Oct 28, 2009

Rabbi Gil Steinlauf: "Evolutionary Judaism"

Evolutionary Judaism
Rabbi Gil Steinlauf, Rabbi at Adas Israel Congregation in Washington, DC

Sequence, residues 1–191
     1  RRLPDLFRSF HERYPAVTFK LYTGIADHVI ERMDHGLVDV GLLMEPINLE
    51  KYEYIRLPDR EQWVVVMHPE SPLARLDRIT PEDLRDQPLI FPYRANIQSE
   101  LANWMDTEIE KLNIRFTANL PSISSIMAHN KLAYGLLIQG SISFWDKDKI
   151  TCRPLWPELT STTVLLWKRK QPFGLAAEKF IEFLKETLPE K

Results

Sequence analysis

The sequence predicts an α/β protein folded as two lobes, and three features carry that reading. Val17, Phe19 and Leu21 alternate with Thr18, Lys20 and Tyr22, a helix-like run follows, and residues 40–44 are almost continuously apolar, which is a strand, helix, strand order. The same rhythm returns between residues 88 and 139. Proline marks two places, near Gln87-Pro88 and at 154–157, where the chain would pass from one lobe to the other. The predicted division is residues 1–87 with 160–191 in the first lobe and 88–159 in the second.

I love Conservative Judaism. It is a great blessing to the Jewish world. I believe in its message and its wisdom. I know it has real limitations, yet it is poised to address the needs of the Jewish people in the 21stcentury. For decades, our movement has wisely embraced tradition while acknowledging the importance of change as generations go by. Most significantly, I appreciate Conservative Judaism's embrace of honesty, truth, and intellectual integrity. When we study texts of Torah, we don't suspend disbelief. We don't ask our adherents to check their critical thinking at the door. We invite our communities to apply their intellectual vigor and the breadth of their learning from many disciplines—Jewish and non-Jewish-- to discern the meaning and the context of our teachings. We are Halakhic: we uphold the binding quality of a Jewish law that has brilliantly grown up over our 3,000 year heritage. We respect that tradition, and seek to change those laws and practices judiciously, only when careful investigation of modern circumstances clearly warrants a response in our practices. The clearest example of this process of tradition and change is the advancing role of women in Conservative Judaism over the past 30 years. Our tradition, of course, had been non-egalitarian. With the progress of our modern society, our movement endeavored not to dismiss the ancient laws and traditions outright, but to look carefully into the underlying principles, values, and teachings of mitzvot and obligation. With love and respect for the traditions themselves, we found new ways to uphold established notions of obligation and yet find new places for women alongside men in congregational life. This is a brilliant and precious approach to Judaism! Our values aren't just about intellectual integrity, but also about pluralism, a spirit of welcoming, open-mindedness, and most importantly, of wisdom. We seek the wise middle ground between progressive values and conservative respect for the traditions of our ancestors. Our modern-day society is so often overwhelmed by messages that promote self-absorption, of "pick and choose" religious practices and spirituality. This makes our approach to Judaism all the more important.